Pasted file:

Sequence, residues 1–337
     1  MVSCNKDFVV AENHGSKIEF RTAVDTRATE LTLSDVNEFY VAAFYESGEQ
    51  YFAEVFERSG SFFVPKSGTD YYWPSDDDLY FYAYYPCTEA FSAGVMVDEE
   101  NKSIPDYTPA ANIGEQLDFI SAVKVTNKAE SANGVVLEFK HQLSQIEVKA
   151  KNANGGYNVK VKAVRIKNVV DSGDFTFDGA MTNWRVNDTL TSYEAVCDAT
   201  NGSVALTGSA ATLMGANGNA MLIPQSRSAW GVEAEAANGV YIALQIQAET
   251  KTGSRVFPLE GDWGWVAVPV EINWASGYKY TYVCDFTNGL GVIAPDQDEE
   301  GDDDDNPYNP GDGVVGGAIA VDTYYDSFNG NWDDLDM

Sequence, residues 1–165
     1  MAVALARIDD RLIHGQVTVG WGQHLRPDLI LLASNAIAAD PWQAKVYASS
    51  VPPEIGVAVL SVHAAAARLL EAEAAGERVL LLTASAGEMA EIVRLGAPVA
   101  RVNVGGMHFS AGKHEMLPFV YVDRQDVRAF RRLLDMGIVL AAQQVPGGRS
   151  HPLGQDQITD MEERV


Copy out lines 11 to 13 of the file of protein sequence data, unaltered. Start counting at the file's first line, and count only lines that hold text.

    51  VPPEIGVAVL SVHAAAARLL EAEAAGERVL LLTASAGEMA EIVRLGAPVA
   101  RVNVGGMHFS AGKHEMLPFV YVDRQDVRAF RRLLDMGIVL AAQQVPGGRS
   151  HPLGQDQITD MEERV